What is especially frustrating about the lack of in-depth things to do in the overworld, however, is the fact that there are so many great ideas for sidequest plots on the War Table back at your base. Between Josephine, Leliana, and Cullen, you can send your operatives off on missions to collect resources, build influence, solve disputes, etc, but this is only presented as a text box and a timer. That's it. Instead of collecting shards in the Hinterlands, why not make "Track down the remaining Seekers" a thing that I actually do myself and have any agency in beyond watching a clock tick down.
Even Operations like "Collect resources in the Hinterlands" would've been more useful as a sidequest you get yourself from, I don't know, the alchemist that has his own building at the Inquisition base? You know, the guy that does basically nothing?
Toward the end of the game, I was doing my best to get as many companion quests as possible because, as you do in a Bioware game, you want to get to know your party members and see their personal stories. Cole asks me to obtain an amulet for him that can protect him from mages that seek to do him harm, and after that short cutscene "Operation: Obtain Amulet For Cole available at the table in the War Room" pops up. I'm fucked, because I have hours (!) left on my advisers being all tied up in various operations already. Because there is no personal agency in these sidequests for your own companions beyond initiating a timer in the War Room, I am left with the decision of continuing on to see the ending segments of the game, go waste my time doing busywork I don't want to do just so I can pass the time, or put the game down. That should never be the case.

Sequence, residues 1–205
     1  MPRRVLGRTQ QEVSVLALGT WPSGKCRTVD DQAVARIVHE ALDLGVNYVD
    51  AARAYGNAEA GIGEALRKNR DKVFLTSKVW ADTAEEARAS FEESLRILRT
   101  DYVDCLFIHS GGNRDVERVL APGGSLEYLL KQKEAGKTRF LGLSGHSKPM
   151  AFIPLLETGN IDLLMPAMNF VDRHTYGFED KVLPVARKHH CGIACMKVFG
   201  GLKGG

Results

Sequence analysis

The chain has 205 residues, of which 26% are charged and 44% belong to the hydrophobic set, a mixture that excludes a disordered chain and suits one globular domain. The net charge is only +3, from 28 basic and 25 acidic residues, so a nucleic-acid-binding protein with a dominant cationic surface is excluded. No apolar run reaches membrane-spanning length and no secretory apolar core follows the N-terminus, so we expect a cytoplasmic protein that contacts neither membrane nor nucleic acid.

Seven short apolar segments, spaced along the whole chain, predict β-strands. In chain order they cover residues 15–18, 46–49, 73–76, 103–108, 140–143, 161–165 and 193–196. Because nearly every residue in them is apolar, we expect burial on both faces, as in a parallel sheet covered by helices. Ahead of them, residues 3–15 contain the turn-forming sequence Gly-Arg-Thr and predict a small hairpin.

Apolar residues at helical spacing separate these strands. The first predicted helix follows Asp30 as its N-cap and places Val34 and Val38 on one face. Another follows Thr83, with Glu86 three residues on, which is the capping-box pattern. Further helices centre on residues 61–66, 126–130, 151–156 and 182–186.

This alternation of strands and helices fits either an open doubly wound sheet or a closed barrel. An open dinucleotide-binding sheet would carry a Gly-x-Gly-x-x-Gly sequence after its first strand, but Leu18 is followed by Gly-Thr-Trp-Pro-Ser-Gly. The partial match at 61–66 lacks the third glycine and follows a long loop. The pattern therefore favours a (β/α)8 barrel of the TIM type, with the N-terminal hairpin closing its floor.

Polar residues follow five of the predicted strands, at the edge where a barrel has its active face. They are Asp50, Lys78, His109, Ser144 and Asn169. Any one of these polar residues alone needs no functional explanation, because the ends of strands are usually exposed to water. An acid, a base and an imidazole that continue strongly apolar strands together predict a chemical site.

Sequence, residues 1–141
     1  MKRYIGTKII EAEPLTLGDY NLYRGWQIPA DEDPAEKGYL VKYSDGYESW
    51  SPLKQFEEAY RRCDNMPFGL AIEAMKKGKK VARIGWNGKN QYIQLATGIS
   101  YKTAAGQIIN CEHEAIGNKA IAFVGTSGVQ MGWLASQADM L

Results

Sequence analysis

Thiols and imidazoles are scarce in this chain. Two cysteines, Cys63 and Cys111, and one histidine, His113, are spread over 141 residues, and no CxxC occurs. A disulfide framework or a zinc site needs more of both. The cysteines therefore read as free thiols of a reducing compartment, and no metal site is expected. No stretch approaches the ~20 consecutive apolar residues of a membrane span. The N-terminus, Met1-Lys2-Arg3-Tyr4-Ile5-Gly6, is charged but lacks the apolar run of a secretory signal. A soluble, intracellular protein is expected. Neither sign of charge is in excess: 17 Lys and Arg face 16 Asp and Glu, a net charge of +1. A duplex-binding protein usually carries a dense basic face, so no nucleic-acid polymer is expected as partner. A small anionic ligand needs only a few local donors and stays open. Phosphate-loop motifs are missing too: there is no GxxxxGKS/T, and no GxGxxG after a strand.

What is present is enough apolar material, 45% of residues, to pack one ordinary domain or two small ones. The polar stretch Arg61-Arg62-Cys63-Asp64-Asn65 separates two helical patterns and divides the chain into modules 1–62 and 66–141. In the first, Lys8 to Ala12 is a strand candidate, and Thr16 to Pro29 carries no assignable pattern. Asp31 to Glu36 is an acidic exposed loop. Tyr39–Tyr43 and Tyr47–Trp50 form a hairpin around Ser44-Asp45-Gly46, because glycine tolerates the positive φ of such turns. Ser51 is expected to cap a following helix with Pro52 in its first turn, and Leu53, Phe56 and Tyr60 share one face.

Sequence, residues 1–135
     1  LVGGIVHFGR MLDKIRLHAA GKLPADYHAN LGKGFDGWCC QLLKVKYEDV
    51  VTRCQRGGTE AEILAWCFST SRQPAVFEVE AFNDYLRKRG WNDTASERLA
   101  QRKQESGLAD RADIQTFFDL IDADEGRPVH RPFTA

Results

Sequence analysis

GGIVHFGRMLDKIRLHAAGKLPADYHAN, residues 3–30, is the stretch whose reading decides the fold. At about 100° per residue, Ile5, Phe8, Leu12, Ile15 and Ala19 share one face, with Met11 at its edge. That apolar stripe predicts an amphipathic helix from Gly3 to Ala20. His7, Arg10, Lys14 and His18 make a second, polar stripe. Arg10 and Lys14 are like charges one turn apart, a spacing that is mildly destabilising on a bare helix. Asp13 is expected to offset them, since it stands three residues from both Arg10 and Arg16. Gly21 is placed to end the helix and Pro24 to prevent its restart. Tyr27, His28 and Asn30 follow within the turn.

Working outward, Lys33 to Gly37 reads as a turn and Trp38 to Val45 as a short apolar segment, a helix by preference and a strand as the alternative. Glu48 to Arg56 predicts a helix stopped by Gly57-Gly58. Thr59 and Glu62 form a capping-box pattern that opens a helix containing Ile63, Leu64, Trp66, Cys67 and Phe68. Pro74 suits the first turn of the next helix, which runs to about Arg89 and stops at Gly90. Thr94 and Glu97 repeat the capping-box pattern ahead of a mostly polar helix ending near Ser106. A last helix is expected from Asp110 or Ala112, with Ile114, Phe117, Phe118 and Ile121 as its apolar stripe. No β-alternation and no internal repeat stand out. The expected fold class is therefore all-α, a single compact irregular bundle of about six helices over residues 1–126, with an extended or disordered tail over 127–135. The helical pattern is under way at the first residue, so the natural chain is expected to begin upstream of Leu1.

I was later informed I can skip through the Operation timers by adjusting the PS4's system clock. Shame I didn't know then.
Okay sure, but what about the story?
The setup for Inquisition is more or less the fallout of the events of Dragon Age 2. The Templars and Mages conflict has escalated to outright war, and to avoid tearing multiple countries apart, the head of the Chantry, Divine Justinia, gathers a huge peace talk conference in the hope of ending the war and restoring order. Then the whole thing gets blown up, various chains of command are thrown into chaos, and there's a huge rift in the sky. You're the only one with the power to close the rifts that have formed, and you're tasked with figuring out who did this and why, with the hopes of restoring peace to Thedas as Divine Justinia had hoped.
As a premise it's fine. Before long, you run into an ancient Tevinter magister named Corypheus, who seeks to physically enter the Fade with the goal of becoming a God to guide the world into a new, orderly future, as he traveled for ages before realizing all of the Gods have seemingly left us behind. He is the reason a massive rift opened in the sky, and why you have the mark on your hand, and needs to eliminate you for getting in the way.
Here's the rub: Corypheus is boring. Your initial confrontation with him during the destruction of Haven is more or less all you'll get from him throughout Inquisition's runtime, and things never really escalate from there. Final Fantasy XIII gives more screentime to its villains than Inquisition. After this point, you actually spend most of the game easily foiling his plans time and time again. Corypheus isn't exactly a particularly threatening or effective villain to pin your game's main story on. There's honestly so little to say about him because the game does almost nothing with him beyond his stated goals from the beginning.
Eventually you uncover that he has discovered the secret for effective immortality, but this reveal doesn't really have much weight to it considering that he's been swiftly defeated at every turn and more or less the entire world is against him.